With the federal government’s first phase of the missing and murdered indigenous women inquiry underway, Saskatoon is looking back on two local high-profile cases of 2015.
As the calendar rolls over to 2016, Jerry Constant awaits his day in court in the second degree murder case of Karina Wolfe.
Wolfe’s body was discovered in a marshy ditch on Whelan Road just north west of the city Nov. 14. Saskatoon Police said a distressed Constant came to their headquarters and told them the area where they could find Wolfe. Over four days, police searched an area the size of a football field before finding a body. DNA samples confirmed it was Wolfe.
Constant is charged with second degree murder and offering an indignity to a body. A psych assessment found Constant was fit to stand trial after a judge ordered the evaluation during the his first appearance in court.
Speaking through an interpreter, Karina’s mother Carol gave an emotionally charged speech in the days following the discovery of her daughter’s body.
“The last memory I have is Karina saying ‘I love you mom, and I will be home later,” Carol said. “Karina never got to come home.”
During a tour of the crime scene, friends and family built a makeshift memorial with flowers, sweetgrass and tobacco.
Iskwewuk E-wichiwitochik (Women Walking Together) co-founder Darlene Okemaysim-Sicotte was one of the first to lay flowers.
“When you’ve endured five years of helping the family and doing the marches and the vigils, you develop a similar agony and compassion towards what the family is going through,” she said.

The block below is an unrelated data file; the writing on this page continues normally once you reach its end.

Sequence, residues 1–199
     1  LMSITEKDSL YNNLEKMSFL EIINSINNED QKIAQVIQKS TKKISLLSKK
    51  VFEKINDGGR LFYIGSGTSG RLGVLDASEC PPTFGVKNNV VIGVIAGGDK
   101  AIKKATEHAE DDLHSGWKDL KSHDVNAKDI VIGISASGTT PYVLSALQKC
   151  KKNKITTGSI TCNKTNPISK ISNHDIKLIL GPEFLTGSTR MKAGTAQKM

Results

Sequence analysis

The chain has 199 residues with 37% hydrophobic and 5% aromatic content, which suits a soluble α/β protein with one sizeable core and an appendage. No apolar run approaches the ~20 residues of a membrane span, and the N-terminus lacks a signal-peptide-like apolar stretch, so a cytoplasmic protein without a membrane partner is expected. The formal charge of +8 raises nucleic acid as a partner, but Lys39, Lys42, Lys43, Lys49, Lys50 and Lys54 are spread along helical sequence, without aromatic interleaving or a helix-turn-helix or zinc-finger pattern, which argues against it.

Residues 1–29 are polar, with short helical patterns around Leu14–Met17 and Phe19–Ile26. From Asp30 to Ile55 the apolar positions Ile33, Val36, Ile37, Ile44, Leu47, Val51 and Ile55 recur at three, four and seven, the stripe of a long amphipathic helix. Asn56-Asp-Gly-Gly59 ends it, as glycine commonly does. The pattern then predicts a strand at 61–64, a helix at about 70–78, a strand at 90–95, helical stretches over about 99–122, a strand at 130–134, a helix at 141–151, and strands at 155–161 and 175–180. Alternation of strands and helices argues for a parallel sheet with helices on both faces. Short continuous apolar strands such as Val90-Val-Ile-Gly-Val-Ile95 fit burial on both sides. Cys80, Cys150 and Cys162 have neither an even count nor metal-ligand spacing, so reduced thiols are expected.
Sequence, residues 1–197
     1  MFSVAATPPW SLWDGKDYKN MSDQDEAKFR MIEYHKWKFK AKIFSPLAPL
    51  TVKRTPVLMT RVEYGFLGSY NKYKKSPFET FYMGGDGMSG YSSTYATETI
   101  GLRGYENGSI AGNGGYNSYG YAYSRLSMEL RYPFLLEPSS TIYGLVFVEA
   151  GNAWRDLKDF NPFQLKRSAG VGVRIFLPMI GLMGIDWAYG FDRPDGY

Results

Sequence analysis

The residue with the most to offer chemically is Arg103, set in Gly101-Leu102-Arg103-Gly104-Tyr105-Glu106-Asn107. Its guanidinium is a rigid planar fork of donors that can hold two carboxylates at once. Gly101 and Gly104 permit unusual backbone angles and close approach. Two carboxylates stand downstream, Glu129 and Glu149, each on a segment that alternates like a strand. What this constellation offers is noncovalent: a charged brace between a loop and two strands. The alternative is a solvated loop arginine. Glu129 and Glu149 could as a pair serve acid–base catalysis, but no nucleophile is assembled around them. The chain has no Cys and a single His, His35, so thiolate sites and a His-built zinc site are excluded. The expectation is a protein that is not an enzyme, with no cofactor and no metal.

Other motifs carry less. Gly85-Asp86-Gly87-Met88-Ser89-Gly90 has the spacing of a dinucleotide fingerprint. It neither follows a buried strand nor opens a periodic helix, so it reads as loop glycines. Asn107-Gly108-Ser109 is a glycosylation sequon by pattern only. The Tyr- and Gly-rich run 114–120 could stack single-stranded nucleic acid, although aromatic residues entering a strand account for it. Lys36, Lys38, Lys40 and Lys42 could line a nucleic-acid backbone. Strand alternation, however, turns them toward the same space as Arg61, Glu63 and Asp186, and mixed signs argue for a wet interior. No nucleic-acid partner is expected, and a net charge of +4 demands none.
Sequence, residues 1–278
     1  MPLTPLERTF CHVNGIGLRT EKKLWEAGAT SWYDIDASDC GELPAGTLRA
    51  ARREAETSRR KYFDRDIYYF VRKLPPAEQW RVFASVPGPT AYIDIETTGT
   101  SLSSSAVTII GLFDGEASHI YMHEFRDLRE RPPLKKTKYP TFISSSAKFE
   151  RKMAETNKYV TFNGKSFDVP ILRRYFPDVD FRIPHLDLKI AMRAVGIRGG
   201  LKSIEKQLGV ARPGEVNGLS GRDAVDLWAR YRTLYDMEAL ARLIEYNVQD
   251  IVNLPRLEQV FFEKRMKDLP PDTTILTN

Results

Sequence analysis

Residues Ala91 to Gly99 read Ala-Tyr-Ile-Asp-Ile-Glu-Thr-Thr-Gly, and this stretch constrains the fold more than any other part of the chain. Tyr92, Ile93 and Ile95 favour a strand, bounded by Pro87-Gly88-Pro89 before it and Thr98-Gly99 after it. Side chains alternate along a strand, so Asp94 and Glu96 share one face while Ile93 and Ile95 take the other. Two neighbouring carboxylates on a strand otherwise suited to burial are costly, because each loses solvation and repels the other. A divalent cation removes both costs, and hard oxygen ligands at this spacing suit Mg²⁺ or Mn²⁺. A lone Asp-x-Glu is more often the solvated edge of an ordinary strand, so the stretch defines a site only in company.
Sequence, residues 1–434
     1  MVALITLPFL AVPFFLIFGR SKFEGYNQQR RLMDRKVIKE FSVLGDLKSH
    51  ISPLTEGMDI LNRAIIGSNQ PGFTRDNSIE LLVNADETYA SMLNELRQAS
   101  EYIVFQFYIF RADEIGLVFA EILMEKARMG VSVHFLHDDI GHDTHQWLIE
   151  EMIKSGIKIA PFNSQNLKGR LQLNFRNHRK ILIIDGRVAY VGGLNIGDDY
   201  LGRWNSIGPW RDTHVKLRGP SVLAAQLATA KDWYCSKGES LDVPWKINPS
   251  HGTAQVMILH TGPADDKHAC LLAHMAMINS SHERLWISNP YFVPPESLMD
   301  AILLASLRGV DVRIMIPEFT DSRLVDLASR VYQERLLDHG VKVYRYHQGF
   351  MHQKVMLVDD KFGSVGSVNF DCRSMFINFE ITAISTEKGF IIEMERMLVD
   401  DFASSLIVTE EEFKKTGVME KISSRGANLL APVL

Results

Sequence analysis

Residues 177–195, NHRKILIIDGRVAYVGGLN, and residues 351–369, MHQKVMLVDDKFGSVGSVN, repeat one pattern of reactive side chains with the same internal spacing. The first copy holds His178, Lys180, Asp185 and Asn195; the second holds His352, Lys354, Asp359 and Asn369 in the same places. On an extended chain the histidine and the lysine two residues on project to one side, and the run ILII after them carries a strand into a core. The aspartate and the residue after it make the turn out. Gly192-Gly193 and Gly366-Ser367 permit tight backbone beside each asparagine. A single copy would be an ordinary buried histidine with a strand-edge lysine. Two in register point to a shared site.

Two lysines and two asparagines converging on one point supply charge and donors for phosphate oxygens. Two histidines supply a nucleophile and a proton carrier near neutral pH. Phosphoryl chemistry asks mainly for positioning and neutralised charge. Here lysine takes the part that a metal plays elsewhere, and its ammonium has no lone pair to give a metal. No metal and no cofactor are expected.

Police do not believe Constant and Wolfe knew each other before the night Wolfe disappeared.
Jerry Constant faces charges of second degree murder and offering an indignity to a body in the death of Karina Wolfe. Facebook
Wolfe’s case is similar to another murder which returned to the spotlight in 2015. Douglas Hales tried to appeal his 2014 conviction for the murder of Daleen Bosse. The two met at a bar in May 2004, the same night Bosse went missing.
Hales was found guilty of killing Bosse, then burning and dumping her body north of the city.
In 2008, he confessed the murder to undercover officers who were part of a Mr. Big sting operation.
Hales was also charged with second degree murder and offering an indignity to a body.
During his appeal, Hales argued he should have received a new trial because the rules around sting operations changed during his time in court.
The judge, however, disagreed and sent Hales back to prison where he is currently serving a life sentence with no chance of parole for 15 years.
In a landmark 2014 report, the RCMP put the total of missing and murdered aboriginal women at 1,181 between 1980 and 2012.
Statistics Canada said indigenous people were about six times more likely than non-indigenous people to be victims of homicide in 2014. They also found there were 1,073 recorded aboriginal female homicides between 1980 and 2014. The murders account for 16 per cent of all female victims, despite female aboriginals making up four per cent of the female population.